Monthly Archives: May 2011


I got a big surprise awhile ago. Late one morning, I realized that I had a tooth missing. There was a hole in my mouth, which was a shock in itself. But it then dawned on me that it was a crown that was missing. So where was it and how did it leave my mouth? I could only assume that I swallowed it. That was a very expensive swallow.

This meant that I had to see a dentist. A Dutch dentist. A dentist that would be a complete stranger to me. In America I had the same dentist for many years and the idea that different hands would be inside my mouth, was very unsettling. But I knew this day would come when I would have new doctors and dentists, and I would just have to face the music. 

The dentist’s building looked like an old farm house and it probably was, at some point. But inside, the space was very modern and spacious. The staff knew that I was an American and they couldn’t have been friendlier. The dentist was young, handsome and very cheerful. As he was checking out my mouth, he told me that he grew up on American television in the 1980’s. He got a big smile on his face as he talked about his favorite show: The A-Team. I did not have the heart to tell him that it was not one of my favorite shows, but I was able to talk to him about American culture and how the Dutch seem so interested in anything American.  And that was it. An appointment was made for the crown to be replaced.

This week I went back to the dentist to start the crown process. I now knew that the staff spoke English, they knew what they were doing and that they were nice. The night before I went back, I had a terrible thought. What if Dutch dentists did not believe in novacaine? The people here are known for being very tough…but how tough is tough? I suddenly realized how ridiculous I was being, I think I was flashing on the middle ages where one dentist toured the country in a canal boat yanking out teeth with a homemade hammer and rusty pliers. 

This time the visit was longer and more complicated. So the dentist and I talked about The A-Team, Miami Vice, Knight Rider and Baywatch. Don’t ever doubt the power of television in the world. Here I was with my feet pointed at the ceiling, my head almost hitting the floor, my mouth wide open with all sorts of stuff inside, and we are talking about Don Johnson and David Hasselhoff.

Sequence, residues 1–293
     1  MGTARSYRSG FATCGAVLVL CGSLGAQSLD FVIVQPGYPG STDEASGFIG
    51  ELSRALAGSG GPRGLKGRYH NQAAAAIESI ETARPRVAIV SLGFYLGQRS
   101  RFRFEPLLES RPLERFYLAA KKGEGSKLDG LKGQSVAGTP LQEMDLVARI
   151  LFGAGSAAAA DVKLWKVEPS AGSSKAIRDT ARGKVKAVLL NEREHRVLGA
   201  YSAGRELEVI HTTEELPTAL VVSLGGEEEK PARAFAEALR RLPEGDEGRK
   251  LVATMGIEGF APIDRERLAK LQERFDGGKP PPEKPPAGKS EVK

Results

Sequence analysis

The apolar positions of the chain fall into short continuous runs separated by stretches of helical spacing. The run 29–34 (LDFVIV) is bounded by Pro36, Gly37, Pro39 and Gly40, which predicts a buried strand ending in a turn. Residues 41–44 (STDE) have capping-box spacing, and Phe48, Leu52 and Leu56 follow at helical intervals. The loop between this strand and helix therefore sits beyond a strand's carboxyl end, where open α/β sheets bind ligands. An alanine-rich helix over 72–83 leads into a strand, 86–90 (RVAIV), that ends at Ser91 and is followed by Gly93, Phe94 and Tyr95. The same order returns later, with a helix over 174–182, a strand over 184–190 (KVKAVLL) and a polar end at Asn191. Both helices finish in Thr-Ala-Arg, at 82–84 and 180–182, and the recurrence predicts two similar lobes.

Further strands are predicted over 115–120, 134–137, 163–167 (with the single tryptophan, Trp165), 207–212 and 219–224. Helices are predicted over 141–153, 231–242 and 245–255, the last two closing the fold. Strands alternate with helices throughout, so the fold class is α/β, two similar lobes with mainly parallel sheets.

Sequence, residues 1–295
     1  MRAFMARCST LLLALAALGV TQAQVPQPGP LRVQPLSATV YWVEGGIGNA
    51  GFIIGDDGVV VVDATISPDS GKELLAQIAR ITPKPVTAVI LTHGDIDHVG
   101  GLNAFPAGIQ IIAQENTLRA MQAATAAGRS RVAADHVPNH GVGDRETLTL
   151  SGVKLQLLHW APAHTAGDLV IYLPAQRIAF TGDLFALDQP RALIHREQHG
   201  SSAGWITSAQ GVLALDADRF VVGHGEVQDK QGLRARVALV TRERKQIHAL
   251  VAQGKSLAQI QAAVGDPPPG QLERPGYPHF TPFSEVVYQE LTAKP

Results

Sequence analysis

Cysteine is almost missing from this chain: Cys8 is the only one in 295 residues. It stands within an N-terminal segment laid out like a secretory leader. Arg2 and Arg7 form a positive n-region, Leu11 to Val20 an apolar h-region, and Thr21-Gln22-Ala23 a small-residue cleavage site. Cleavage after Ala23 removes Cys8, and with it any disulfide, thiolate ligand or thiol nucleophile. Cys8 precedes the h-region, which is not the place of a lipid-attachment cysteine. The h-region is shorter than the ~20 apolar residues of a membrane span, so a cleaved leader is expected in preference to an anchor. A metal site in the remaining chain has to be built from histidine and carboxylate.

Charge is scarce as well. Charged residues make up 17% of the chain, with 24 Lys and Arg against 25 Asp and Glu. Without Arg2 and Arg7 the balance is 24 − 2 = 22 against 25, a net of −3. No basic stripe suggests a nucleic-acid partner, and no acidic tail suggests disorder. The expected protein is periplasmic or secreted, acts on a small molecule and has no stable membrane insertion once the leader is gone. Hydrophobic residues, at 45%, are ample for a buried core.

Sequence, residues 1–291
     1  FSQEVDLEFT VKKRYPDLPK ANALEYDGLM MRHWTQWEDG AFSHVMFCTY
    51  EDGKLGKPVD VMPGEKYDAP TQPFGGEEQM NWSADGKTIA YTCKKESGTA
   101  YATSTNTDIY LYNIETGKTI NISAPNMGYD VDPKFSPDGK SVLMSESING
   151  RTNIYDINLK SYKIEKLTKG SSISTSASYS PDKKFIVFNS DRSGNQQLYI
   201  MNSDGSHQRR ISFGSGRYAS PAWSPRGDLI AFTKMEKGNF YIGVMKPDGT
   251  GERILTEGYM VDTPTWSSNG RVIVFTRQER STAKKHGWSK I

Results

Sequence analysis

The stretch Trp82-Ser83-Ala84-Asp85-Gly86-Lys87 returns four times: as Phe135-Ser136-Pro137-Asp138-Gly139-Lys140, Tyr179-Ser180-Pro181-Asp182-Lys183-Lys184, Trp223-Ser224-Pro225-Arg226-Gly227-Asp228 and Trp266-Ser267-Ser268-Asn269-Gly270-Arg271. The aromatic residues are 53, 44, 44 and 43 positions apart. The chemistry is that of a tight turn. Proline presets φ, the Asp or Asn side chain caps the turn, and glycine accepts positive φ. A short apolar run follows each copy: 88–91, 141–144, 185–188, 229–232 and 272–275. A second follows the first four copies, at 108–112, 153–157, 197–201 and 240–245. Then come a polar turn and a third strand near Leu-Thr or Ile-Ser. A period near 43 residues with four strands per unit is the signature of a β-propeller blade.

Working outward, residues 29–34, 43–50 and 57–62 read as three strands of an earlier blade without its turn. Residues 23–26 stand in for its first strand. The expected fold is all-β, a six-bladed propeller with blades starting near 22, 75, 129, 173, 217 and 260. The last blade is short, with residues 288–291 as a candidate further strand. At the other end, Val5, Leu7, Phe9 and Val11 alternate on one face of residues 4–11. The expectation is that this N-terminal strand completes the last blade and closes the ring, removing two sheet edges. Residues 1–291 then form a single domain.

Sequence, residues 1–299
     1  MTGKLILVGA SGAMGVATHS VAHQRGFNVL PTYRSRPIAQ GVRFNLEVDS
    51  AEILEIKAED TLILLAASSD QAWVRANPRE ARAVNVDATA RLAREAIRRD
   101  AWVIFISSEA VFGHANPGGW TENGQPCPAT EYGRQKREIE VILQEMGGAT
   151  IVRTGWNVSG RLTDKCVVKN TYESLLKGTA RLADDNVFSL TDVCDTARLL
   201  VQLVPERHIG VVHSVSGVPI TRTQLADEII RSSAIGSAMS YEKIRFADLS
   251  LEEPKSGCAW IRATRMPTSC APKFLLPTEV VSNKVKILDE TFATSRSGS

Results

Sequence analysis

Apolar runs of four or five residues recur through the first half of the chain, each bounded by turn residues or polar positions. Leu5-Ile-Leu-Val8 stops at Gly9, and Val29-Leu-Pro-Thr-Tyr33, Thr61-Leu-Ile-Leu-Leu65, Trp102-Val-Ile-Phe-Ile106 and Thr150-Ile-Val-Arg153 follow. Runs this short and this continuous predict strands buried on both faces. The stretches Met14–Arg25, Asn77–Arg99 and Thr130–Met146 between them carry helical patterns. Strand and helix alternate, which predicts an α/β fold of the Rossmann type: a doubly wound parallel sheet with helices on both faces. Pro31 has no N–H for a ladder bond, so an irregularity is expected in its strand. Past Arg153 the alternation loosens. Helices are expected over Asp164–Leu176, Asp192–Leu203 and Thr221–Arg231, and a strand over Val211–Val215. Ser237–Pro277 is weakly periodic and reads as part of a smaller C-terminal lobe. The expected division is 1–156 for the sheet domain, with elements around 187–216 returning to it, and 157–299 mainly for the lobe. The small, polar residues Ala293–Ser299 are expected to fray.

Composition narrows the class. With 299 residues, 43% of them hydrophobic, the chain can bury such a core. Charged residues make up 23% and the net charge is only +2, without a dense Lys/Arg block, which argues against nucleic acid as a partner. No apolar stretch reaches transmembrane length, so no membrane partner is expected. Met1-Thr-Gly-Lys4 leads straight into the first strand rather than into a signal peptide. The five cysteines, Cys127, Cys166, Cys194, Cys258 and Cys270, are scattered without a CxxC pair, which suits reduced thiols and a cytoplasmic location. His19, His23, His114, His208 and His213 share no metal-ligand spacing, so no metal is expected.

I can reassure all of you readers that Dutch dentistry is up to date and has all the fancy tools and toys American dentists have. And yes, I got two shots of novacaine. I have three weeks before I have to talk about 1980’s television again. But he was a little boy back then, and I was watching Dallas and Cagney and Lacey. No matter what, we can always  talk about Mr. T. 

I looked up bestsellers from the 1980’s and here are four titles that I personally enjoyed:

Prince of Tides by Pat Conroy

Hotel New Hampshire by John Irving

Eyes of the Dragon by Stephen King

Accidental Tourist by Anne Tyler


Jane’s Boekentips

22 BRITANNIA ROAD by Amanda Hodgkinson

After reading so many World War II novels I now feel that I need the bar to be raised. I need a novel to give me something different, something that is unique as a plot or that the writing is so superior that I cannot wait to pick up the book. Well, this has happened with 22 Britannia Road. This is a debut novel that is powerful, moving and brings another dimension to the thousands of stories about the second world war that we have read or heard about.

Janusz and Silvana are a young married couple with a young son living in Poland at the start of the war. Janusz goes into the military which eventually leads him to the RAF in England. Silvana is not so lucky. She escapes Warsaw with her son and ends up living in the forests of Poland. After the war, Janusz finds his wife and son in a refugee camp and brings them to England, to their new home in Ipswich. 

How does a family, that has been apart for six years, come together? This is a story about finding and creating a home and a family. Imagine a glass pitcher breaking and having to put the pieces back together. You may be able to glue it, but it will never be the same and it will always be fragile.

Hodgkinson does an impressive job in her debut. There are so many emotional threads to this story and each one is thoughtfully and brilliantly written. This is a story about the ones who survived the war and as we know, they all have a story to tell. The question is, will they?


Just a few tidbits for you all….

I wanted to give you an update on the CIRCLE OF FRIENDS post. The day after I posted that story, I was at the winkel (grocery store). I was squeezing some fruit when I heard “Jane!”

And there was a friend of a friend who I had met a few weeks ago and actually had a fabulous lunch at her home. We stood there and had a great conversation and then we both went off in different directions. It wasn’t until I got home that I truly realized what had happened and it made me smile. Oh yeah, I was smiling.

From 1982-1997, Americans were used to seeing a series of commercials for Dunkin Donuts starring Fred the Baker. We would see this little guy get up before dawn and say in a monotone voice “time to make the donuts.” This phrase became part of pop culture and was used as a way of saying that it was time to do something, not necessarily the making of donuts.